NVIDIA Details GeForce 9600 GT
January 3, 2008 11:51 AM
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NVIDIA's D9M makes its first appearance on corporate roadmaps
NVIDIA's newest mid-range processor,
, will make its official debut as the GeForce 9600 GT.
Corporate guidance from NVIDIA lists the initial GeForce 9600 GT shipments come stock with a 650 MHz core clock and a 1625 MHz unified shader clock. Unlike the G84 core found on GeForce 8600 GT, D9M will feature a 256-bit memory bus interface. Coupled with a 900 MHz memory clock, NVIDIA calculates the memory bandwidth at 57.6 GB/s.
The texture fill rate is estimated at 20.8 billion pixels per second. The company would not indicate how many shaders or stream processors reside on the D9M core.
Late last year, NVIDIA confirmed the D9 family will use TSMC's 65nm process node. The company introduced its first 65nm processor shrink in November 2007:
Other details of the D9M family have already surfaced.
published slides yesterday
claiming the GeForce 9600 requires a 400W power supply that requires 26A on the 12V rail. Unlike previous mid-range GeForce cards, the D9M will require a 6-pin supplementary power connector.
NVIDIA publicly confirmed other details of D9M: DirectX 10.1 support, Shader Model 4.0, OpenGL 2.1 and PCIe 2.0 support just to name a few.
Further documentation from NVIDIA claims the 9600 GT will also support the Quantum Effects physics processing engine.
Like all NVIDIA processors, the GeForce 9600 is also HDCP compatible, though final support still depends on vendor implementation.
NVIDIA declined to comment on expected price of GeForce 9600. A representative for NVIDIA would comment that the performance increase between GeForce 9600 and GeForce 8600 is "almost double."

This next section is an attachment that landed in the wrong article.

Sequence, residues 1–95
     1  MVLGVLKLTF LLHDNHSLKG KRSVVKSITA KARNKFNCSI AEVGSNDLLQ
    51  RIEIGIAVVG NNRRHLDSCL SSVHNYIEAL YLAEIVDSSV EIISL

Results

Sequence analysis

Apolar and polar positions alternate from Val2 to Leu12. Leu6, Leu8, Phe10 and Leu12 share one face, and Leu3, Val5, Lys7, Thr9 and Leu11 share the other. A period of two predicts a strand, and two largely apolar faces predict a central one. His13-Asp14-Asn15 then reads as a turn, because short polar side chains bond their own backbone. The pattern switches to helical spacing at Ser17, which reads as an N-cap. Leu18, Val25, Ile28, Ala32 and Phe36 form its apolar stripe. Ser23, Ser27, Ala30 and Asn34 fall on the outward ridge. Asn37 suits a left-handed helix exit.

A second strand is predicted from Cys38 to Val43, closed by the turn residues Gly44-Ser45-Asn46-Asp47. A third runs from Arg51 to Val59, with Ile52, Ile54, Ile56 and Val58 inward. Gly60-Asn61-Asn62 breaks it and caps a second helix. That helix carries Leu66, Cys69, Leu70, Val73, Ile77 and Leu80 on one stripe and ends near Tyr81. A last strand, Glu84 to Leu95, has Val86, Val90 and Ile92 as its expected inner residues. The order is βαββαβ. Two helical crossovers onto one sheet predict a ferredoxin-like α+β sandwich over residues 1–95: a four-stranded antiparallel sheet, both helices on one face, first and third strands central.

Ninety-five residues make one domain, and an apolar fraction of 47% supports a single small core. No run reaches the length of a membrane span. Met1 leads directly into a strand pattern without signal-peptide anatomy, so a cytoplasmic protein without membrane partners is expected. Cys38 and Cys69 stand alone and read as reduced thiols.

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Good potential but don't get hopes up too high
1/4/2008 10:59:34 PM
Up to twice as fast seems really good, but historically we saw this tends to mean the largest performance gains are in the newer DX features, not the raw performance needed to stay at good framerates if you turn down eyecandy enough to make a new game playable with what will probably end up being a ~ $150, then down to $75 AR (given some time, the span of 6-12 months) part.
It's good news that the average midrange cards performance goes up a bit every generation but I think it being 2X as fast as 8600GT has a little to do with 8600GT being a smaller performance increase than preceeding generations saw compared to the generations they replaced (with exception of the worse FX5nnn series).
Even with this good news, common sense tells us it isn't going to be a replacement for a higher end card, nVidia isn't often going to kill their high end like they did with the 8800GT, they just couldn't put off getting this tech into the market until it had depreciated more as they now show they have more parts coming as always.
Gamers are SO stingy though, they have a multi-hundred dollar system and (supposedly, unless they're pirating the games) paying $30 plus per game, then will wait weeks or spend hours trying to get a product with only a few dozen dollars difference in price. If paying $50 more makes that much difference should you really be gaming? It's not that I don't like good value, even getting something for nothing is a novel quest, but if you gamed a dozen hours you had the spare time, could've just worked at McDonalds/etc for that period and bought a higher tiered card instead.
"Intel is investing heavily (think gazillions of dollars and bazillions of engineering man hours) in resources to create an Intel host controllers spec in order to speed time to market of the USB 3.0 technology." -- Intel blogger Nick Knupffer
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